Since January 2012 the British Retail Consortium (BRC) requires that magnets (magnetic separators), that are used for metal contamination removal in the food industry, are tested and documented:
Greenwood Magnetics offers this service to both new and existing customers, providing full documentation which can be used together with existing HACCP procedures. We use a certified gauss meter to test the gauss strength of the magnets. The gauss meter is calibrated on an annual basis, and we can supply a copy of the calibration certificate. The report identifies the strength of the magnets required in a particular location, the type of magnet, the actual reading, and whether the magnets have passed or failed. The report also assesses the general state of the magnets and the housing, and identifies where remedial action is required. We also supply accompanying photographs which are emailed to you for ease of identification
Magnets do not lose their strength if they are left in their natural state. However if they are exposed to excessive heat, vibration or shock, then they will lose some strength. For example, does the product flowing over the magnets sometimes exceed 80 degrees? Are the magnets are in a vibrating sieve or chute? Do the operatives bang the magnets when they clean them to remove excess product?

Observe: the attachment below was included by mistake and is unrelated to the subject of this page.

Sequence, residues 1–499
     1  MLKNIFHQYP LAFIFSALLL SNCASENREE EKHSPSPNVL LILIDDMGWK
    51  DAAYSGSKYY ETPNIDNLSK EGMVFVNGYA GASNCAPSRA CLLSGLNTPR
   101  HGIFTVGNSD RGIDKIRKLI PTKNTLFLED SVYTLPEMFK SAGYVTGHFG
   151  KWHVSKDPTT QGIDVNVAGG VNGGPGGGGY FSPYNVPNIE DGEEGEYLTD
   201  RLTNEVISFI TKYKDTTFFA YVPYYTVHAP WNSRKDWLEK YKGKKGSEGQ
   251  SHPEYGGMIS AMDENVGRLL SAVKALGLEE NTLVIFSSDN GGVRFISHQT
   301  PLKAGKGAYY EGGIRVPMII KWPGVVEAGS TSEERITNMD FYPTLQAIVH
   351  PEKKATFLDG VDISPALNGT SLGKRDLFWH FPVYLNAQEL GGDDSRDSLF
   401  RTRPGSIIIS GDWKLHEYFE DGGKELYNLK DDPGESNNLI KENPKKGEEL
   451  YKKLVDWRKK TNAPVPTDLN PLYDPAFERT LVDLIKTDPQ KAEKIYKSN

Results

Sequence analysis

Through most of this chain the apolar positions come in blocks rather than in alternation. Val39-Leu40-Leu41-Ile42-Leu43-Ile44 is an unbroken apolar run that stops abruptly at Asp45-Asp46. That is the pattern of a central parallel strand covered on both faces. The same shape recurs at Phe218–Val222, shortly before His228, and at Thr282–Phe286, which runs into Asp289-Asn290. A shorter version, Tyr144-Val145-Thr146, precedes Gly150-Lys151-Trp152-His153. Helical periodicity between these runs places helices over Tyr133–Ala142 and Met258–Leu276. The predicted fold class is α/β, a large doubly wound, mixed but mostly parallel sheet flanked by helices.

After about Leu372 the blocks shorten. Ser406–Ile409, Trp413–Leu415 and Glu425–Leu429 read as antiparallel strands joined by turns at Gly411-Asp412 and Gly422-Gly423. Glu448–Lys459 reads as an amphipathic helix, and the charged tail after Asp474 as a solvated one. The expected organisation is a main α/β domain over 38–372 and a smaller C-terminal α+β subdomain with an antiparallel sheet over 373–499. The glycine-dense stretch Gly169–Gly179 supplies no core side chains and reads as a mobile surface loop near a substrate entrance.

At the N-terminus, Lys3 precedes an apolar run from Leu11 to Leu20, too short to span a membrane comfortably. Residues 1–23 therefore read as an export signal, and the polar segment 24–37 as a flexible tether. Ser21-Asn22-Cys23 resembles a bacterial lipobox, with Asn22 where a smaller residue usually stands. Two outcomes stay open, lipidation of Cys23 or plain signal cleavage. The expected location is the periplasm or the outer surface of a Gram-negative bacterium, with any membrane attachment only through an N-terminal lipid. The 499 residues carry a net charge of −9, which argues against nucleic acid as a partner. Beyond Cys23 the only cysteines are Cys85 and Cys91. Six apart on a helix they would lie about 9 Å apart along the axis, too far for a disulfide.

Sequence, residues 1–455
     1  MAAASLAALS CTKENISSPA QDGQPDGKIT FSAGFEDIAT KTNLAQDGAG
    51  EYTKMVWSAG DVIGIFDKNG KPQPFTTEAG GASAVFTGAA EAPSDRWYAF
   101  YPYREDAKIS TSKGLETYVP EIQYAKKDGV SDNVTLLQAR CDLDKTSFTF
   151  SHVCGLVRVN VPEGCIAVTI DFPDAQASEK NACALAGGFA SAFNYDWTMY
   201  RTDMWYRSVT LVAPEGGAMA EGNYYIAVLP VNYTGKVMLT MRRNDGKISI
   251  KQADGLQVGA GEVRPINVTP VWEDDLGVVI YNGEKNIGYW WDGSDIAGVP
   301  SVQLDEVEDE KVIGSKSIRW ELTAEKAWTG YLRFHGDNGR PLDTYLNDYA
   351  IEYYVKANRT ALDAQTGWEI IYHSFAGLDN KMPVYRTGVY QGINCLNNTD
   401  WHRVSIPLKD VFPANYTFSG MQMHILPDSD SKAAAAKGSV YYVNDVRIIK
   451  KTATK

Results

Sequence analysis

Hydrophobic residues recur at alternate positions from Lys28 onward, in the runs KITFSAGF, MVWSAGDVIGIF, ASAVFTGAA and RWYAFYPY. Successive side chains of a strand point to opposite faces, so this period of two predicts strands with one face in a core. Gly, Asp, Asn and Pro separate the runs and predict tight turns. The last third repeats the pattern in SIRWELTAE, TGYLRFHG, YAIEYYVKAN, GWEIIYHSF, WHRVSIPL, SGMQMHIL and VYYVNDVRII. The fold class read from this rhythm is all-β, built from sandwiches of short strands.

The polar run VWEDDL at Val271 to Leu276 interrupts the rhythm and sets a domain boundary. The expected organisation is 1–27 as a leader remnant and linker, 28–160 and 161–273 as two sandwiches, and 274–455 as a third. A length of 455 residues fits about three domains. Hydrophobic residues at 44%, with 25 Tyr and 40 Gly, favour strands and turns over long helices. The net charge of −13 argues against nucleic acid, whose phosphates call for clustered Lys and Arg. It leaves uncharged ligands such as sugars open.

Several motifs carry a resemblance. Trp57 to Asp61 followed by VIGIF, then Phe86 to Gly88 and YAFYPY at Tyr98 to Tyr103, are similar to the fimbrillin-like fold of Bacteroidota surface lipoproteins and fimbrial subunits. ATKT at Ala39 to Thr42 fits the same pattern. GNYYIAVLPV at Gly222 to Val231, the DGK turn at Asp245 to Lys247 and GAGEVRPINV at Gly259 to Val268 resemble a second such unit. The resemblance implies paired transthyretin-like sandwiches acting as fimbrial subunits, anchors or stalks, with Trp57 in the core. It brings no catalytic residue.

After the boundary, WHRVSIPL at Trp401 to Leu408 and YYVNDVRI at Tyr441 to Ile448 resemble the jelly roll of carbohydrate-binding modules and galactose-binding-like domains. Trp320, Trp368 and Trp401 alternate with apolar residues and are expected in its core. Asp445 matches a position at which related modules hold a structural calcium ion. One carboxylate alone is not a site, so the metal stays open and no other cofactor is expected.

There is no specific frequency that magnets must be tested. This depends on the customer, what other protection is in the process (eg metal detectors) the level of contamination that may be present, and the production environment. As a general rule, most customers have their magnets checked annually.
Ferrite (also known as ceramic) magnetic assemblies typically have a gauss rating of 1500-2000 gauss, and are generally used in the primary stages of production to remove larger tramp metal. However as technology has progressed more powerful rare earth magnets are being used increasingly in the food industry. Rare Earth magnets can achieve strengths of up to 12000 gauss, and therefore give a far superior performance. They are generally used in the secondary and final stages of production where smaller metal particles need to be removed. As well as location, thought must also be given to type of product. It is sometimes important that the magnets are not too powerful. Flour for example has iron additives, and if the magnets are too strong these additives will be extracted. In such circumstances, we recommend that the magnet strength does not exceed 7000 gauss. We charge on a half day or full day basis, which depends on the number of magnets that need testing, and the distance to location.